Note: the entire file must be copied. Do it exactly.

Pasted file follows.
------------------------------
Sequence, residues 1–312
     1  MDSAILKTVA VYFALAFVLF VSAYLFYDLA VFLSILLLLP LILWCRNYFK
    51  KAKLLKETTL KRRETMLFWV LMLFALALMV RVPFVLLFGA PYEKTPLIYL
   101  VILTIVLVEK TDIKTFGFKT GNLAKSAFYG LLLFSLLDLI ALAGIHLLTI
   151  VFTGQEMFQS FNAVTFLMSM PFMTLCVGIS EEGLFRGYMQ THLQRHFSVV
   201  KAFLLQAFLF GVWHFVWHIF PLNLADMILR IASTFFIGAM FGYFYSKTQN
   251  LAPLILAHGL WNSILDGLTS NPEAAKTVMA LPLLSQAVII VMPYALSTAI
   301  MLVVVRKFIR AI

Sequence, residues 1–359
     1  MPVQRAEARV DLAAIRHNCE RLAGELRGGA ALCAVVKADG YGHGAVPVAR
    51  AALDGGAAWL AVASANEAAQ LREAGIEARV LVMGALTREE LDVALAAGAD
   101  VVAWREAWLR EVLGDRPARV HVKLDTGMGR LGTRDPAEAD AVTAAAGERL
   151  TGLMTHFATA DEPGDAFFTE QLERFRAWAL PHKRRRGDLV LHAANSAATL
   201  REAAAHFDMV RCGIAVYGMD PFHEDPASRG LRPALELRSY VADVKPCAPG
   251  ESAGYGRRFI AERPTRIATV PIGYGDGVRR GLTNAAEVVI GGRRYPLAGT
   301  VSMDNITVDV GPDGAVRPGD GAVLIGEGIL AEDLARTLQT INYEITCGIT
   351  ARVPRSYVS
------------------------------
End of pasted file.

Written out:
Sequence, residues 1–312
     1  MDSAILKTVA VYFALAFVLF VSAYLFYDLA VFLSILLLLP LILWCRNYFK
    51  KAKLLKETTL KRRETMLFWV LMLFALALMV RVPFVLLFGA PYEKTPLIYL
   101  VILTIVLVEK TDIKTFGFKT GNLAKSAFYG LLLFSLLDLI ALAGIHLLTI
   151  VFTGQEMFQS FNAVTFLMSM PFMTLCVGIS EEGLFRGYMQ THLQRHFSVV
   201  KAFLLQAFLF GVWHFVWHIF PLNLADMILR IASTFFIGAM FGYFYSKTQN
   251  LAPLILAHGL WNSILDGLTS NPEAAKTVMA LPLLSQAVII VMPYALSTAI
   301  MLVVVRKFIR AI

Sequence, residues 1–359
     1  MPVQRAEARV DLAAIRHNCE RLAGELRGGA ALCAVVKADG YGHGAVPVAR
    51  AALDGGAAWL AVASANEAAQ LREAGIEARV LVMGALTREE LDVALAAGAD
   101  VVAWREAWLR EVLGDRPARV HVKLDTGMGR LGTRDPAEAD AVTAAAGERL
   151  TGLMTHFATA DEPGDAFFTE QLERFRAWAL PHKRRRGDLV LHAANSAATL
   201  REAAAHFDMV RCGIAVYGMD PFHEDPASRG LRPALELRSY VADVKPCAPG
   251  ESAGYGRRFI AERPTRIATV PIGYGDGVRR GLTNAAEVVI GGRRYPLAGT
   301  VSMDNITVDV GPDGAVRPGD GAVLIGEGIL AEDLARTLQT INYEITCGIT
   351  ARVPRSYVS